At its most ethereal and atmospheric, Tummaa reveals much of its components as they ebb and flow through dreamy sequences. This is very much the case throughout Musta Planeetta, which appears as locked in a loop, neither the piano nor clarinet never able to get through a complete melodic cycle. With the last three pieces all clocking over the ten minute mark and appearing sturdier and more imperative than the moody tones heard earlier, Tummaa reaches here yet another level. The opening sequence of Toive is much more progressive and evocative, especially as Capece creates voluptuous shapes above the solitary drone in the background, and as a monotone drum beat raises, the eruptions of sax injects the clearest jazz touches of the record. While the title track is once again predominantly ambient, the contours of the piece are more defined, the tone warmer and the soundscapes much more layered and intense, Tunnelivisio, which concludes, pushes towards more open grounds by progressively building on the trio’s respective contributions to create a strong inner current which runs right through the middle section of the track before retracting entirely, leaving almost nothing of its passage over the last few minutes of piece.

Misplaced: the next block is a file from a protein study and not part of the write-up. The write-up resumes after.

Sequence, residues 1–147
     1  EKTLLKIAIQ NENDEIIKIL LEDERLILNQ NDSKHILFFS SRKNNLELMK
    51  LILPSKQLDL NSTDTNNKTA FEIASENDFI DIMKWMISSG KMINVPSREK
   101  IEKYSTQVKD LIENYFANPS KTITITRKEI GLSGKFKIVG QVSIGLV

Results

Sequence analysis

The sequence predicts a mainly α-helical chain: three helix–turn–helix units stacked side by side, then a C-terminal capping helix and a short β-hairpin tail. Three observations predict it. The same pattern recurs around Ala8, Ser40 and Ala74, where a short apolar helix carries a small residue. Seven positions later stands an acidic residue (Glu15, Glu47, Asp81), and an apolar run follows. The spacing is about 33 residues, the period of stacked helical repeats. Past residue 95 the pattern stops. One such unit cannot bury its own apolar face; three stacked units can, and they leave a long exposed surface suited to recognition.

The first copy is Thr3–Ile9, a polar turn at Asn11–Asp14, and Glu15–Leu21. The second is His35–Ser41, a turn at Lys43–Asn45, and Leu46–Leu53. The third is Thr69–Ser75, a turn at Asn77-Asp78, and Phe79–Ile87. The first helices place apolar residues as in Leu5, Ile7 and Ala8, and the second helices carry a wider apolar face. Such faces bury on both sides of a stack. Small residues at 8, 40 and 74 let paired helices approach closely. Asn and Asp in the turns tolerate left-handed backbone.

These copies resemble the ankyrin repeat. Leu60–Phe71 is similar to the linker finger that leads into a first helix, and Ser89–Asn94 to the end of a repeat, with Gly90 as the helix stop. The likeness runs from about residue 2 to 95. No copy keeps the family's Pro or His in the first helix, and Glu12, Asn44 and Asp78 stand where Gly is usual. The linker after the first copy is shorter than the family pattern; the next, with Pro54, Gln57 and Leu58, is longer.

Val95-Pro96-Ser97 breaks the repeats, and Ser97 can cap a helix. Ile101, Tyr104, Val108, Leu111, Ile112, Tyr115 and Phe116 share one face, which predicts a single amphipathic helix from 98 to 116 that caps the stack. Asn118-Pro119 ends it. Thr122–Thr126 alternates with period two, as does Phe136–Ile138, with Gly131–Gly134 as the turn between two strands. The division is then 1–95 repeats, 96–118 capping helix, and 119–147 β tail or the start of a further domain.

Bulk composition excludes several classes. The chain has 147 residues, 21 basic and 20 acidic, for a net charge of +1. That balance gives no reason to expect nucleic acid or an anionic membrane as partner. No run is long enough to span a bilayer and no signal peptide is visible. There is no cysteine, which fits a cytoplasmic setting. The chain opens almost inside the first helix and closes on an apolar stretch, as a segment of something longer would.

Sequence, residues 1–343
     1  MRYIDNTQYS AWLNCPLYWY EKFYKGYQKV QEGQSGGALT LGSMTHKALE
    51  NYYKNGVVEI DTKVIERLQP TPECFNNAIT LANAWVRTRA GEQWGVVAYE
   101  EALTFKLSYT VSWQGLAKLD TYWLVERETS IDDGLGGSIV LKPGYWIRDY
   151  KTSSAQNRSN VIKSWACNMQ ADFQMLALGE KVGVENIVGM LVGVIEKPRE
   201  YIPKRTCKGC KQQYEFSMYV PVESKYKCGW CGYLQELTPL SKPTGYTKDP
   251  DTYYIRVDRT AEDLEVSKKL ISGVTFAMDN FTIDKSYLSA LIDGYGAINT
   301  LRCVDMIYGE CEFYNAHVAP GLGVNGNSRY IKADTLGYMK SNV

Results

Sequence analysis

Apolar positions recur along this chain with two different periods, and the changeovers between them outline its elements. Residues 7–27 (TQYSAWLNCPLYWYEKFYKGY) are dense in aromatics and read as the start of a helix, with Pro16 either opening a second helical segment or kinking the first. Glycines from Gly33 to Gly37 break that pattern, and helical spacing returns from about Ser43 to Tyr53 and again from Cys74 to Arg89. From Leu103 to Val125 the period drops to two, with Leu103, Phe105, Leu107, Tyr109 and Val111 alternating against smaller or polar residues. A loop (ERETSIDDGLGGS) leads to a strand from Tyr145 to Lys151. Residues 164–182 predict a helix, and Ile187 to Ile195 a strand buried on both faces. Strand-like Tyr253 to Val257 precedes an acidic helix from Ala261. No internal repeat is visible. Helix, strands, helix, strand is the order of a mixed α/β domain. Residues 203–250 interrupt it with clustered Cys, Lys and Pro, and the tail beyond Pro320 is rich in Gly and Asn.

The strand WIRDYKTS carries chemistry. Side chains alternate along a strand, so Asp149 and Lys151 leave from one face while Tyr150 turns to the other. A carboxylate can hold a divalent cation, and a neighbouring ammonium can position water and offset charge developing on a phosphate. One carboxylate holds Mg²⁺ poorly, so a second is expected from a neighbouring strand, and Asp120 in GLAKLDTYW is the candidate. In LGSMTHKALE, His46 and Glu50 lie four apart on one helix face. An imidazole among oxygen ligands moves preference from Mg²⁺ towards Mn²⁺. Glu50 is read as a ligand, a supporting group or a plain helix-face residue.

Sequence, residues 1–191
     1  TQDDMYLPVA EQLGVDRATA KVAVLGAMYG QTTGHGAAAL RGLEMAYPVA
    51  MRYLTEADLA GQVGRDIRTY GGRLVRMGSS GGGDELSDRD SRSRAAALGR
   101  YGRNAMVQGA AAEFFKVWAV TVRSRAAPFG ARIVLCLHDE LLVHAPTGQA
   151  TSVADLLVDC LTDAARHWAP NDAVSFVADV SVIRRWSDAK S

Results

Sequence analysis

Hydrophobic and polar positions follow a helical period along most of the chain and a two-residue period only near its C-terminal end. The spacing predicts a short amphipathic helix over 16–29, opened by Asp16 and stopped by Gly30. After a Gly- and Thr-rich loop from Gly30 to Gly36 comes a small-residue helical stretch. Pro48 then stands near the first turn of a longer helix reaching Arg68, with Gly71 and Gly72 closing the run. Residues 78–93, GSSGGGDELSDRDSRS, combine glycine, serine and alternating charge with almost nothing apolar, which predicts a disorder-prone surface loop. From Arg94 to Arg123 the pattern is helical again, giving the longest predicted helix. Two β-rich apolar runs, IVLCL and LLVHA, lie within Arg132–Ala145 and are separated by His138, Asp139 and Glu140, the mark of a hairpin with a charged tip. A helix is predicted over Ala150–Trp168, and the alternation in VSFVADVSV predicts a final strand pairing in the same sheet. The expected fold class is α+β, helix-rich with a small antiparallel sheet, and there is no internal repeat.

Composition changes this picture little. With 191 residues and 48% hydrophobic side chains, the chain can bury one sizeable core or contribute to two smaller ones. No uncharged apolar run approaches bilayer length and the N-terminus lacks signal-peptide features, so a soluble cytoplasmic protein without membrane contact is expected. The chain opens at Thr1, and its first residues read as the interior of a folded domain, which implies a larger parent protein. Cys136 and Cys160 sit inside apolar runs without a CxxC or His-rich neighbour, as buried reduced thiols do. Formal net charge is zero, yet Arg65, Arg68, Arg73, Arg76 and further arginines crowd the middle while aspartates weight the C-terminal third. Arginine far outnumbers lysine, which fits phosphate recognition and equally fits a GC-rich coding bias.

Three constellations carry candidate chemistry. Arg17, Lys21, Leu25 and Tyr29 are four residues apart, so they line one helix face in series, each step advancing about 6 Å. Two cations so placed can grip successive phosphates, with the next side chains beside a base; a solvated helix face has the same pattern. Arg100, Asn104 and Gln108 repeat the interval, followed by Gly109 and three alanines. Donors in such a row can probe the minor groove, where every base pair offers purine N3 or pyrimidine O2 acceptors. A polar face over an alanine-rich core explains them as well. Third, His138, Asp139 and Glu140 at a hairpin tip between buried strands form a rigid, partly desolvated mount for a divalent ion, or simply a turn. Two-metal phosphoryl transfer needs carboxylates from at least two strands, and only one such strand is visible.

After years of working alone and with for sole tools his computer and electronics, Tummaa is a vast departure for Vladislav Delay, yet this is a very smooth transition as the themes that have fuelled his previous records are still very much at the core of this new work. The music and soundscapes benefit greatly of the contributions made by Craig Armstrong and Lucio Capece, providing Sasu Ripatti’s sound with rich and vibrant textures and brushes, and giving the whole album a profound organic feel. While this new direction is likely to surprise and disconcert some of his long-term fans, Tummaa may well turn out to be Vladislav Delay’s masterpiece.


Icon: arrow Vladislav Delay | The Leaf Label
Icon: arrow CD: Amazon UK | Amazon US | Boomkat LP: Amazon UK | Boomkat

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Comments (7)

7 Responses to “VLADISLAV DELAY: Tummaa (The Leaf Label)”

  1. Ashon 13 Aug 2009 at 8:45 am

    Now, I was going to review this and then I listened to it first. I guess it’s very much for people in a ‘drifty’ mood which I rarely am. Even then I reach for a bit of Murcof, which is more energetic than this.

  2. themilkmanon 21 Aug 2009 at 12:42 am

    You should really give this album a go and give it time to grow, it is pretty extraordinary. Get in the drifty mood for a bit, you won’t regret it

  3. Thomason 25 Aug 2009 at 5:57 pm

    I am a big fan of Vladislav, but this album disappointed me at first. Just listen to it some times, and as the milkman said, give it time to grow and you will discover the magic of it. It is a really really great album.

  4. themilkmanon 26 Aug 2009 at 1:06 am

    It definitely deserves to persist a bit with it as it is quite different from his previous work, at least to start with. I’ve played it many times, and it took me a while to get into it.

  5. […] swapping the heavily diffuse electronics of previous records for a more stripped down sound. On Tummaa, Ripatti was found on drums and percussions, while additional contributors Lucio Capece and Craig […]